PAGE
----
The current Forest XI should be doing better at the moment, but this is not a team packed with players with promotion-winning pedigree – they are just not consistent enough and that’s the fault of the recruitment policy of all recent managers not just Davies.
Sadly, the injury crisis and the poor results are rarely seen in a measured way. Football fans are very bad losers and lash out in defeat. This can cause a negative atmosphere that filters onto the pitch. It can affect young players. Amidst a bad run, articles begin to appear in the local and national press which criticise the management. These articles often raise valid points, but there’s no coincidence in their timing. There was little in the way of interested readership after Forest had dispatched Blackburn Rovers and West Ham United scoring nine goals in the process. After a run of defeats, it feels a better time for (often well-meaning) fans and media to air concerns about the things they don’t like at a football club.
I am neither ‘for’ Davies nor ‘against’ him. As Forest manager he has my support and my sympathy with this unprecedented injury crisis. He has his limitations as a manager (as seen on Saturday against Doncaster with some bizarre selections and substitutions) and should represent the club more openly and positively in the media. But it is sometimes forgotten that his players and loyal staff seem to enjoy working with him. So we perhaps don’t know the ‘real’ Billy as much as we think. Did respected professional Paul McKenna think Davies was a poisonous figure when he followed his old boss from the familiar surroundings of Preston North End to reunite at the City Ground?
Whether you are a fan or not, Davies must be judged fairly and reasonably – and given time to complete the job. That surely includes next season when with a fully fit squad, Forest must have a great chance of promotion once again. With Forest already in difficulty with the Financial Fair Play rules, it would be a rash strategy to pay off Davies and staff and cut a huge chunk out of the playing budget to remove a manager that had ‘failed’ using Plan C since January. It might please X% of fans who really dislike Davies – but few fans have never met him or seen how he works with players on the training ground which is a crucial part of the bigger picture.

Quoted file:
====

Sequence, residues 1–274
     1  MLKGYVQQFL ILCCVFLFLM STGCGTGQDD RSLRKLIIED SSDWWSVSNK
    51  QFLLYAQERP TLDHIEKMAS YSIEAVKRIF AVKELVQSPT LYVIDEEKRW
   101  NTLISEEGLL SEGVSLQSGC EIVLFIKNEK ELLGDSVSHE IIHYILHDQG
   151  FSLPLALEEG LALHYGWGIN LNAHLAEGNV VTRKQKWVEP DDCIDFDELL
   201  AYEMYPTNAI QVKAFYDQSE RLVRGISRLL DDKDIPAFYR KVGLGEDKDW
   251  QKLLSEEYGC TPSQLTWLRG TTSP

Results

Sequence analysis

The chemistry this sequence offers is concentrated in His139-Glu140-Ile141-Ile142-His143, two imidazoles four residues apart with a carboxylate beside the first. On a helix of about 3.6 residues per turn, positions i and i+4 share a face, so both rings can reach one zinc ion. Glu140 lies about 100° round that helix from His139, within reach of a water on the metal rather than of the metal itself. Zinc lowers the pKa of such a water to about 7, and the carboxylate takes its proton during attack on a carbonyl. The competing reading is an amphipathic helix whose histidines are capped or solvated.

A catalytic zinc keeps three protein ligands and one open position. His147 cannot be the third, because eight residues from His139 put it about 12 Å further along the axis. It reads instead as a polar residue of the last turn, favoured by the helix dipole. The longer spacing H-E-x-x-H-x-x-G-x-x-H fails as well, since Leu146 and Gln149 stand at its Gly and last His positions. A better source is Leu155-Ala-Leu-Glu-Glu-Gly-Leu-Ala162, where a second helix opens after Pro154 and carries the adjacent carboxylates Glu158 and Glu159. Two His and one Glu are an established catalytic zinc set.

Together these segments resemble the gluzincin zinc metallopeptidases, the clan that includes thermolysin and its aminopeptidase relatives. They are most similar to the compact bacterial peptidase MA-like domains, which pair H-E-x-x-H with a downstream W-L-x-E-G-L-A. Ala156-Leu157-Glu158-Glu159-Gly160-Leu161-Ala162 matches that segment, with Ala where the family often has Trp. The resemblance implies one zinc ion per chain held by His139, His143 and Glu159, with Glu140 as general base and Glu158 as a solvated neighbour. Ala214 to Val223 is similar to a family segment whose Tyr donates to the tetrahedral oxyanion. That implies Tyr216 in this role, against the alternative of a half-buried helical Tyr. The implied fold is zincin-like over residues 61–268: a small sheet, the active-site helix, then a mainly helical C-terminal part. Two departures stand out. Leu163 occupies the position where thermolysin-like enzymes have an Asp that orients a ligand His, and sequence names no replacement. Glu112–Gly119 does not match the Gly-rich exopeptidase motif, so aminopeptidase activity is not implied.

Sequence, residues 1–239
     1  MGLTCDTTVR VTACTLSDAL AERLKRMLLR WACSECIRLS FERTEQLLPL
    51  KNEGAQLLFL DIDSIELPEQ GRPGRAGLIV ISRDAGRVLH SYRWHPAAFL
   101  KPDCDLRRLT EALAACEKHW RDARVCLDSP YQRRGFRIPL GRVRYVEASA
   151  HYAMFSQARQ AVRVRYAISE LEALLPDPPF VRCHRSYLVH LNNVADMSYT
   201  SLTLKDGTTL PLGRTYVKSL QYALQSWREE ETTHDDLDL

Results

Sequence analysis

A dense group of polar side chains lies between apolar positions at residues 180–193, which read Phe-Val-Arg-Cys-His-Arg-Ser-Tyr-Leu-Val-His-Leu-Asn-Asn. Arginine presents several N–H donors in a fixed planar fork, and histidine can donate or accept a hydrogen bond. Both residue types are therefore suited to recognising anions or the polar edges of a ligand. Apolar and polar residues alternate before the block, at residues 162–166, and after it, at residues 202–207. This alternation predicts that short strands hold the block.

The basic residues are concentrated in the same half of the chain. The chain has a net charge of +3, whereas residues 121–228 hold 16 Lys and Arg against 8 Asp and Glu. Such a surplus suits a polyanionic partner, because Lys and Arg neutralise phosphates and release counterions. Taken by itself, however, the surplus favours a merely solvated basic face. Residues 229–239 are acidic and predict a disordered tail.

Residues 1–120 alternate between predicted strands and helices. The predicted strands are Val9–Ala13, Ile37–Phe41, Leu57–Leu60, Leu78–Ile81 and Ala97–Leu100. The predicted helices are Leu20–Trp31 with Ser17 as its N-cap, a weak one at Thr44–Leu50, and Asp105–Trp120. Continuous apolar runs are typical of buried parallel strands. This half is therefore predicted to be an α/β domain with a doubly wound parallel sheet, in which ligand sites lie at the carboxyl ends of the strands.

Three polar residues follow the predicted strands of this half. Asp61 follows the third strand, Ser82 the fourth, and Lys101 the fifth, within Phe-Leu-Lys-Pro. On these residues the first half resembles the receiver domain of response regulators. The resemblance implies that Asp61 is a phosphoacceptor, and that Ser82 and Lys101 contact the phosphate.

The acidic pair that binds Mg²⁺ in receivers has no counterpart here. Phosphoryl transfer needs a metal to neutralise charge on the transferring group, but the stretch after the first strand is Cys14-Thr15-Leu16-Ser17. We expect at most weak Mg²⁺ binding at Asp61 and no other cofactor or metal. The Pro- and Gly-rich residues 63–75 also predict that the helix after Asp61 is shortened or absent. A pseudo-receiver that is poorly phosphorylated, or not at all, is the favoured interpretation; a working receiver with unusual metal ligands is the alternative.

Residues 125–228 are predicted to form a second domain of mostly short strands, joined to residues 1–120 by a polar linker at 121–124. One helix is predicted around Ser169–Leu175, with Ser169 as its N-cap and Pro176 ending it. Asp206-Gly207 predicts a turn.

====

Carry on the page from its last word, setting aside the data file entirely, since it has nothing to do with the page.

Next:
It is certainly true that some managers like Roberto Martinez at Everton are achieving success with dignity and class that sometimes eludes Davies. But management is a pressurised business and you don’t have to look too far to see managers across the country also losing their heads on a weekly basis – as seen with Alan Pardew most notably at Hull. The profession attracts bizarre characters and, often, bad losers too.
If Davies eventually gets promotion with Forest, he will be a hero. If he fails, then he alone will have to deal with any consequences of his approach when looking for alternative employment. Forest will live on with and without this particular manager – as it did before when a much bigger name presided on the banks of the Trent.
In-fighting, bickering and negativity between supporters is a massive distraction at such a crucial stage of the season. Billy Davies might shoulder some of the blame this has happened, but to me the injuries are the major factor that kicked off this whole ‘crisis’. The play-offs are still very much achievable, but only by standing united. At this moment, the City Ground isn’t a fun place to watch football. The team needs to play better and the fans need to be more understanding and up their game too.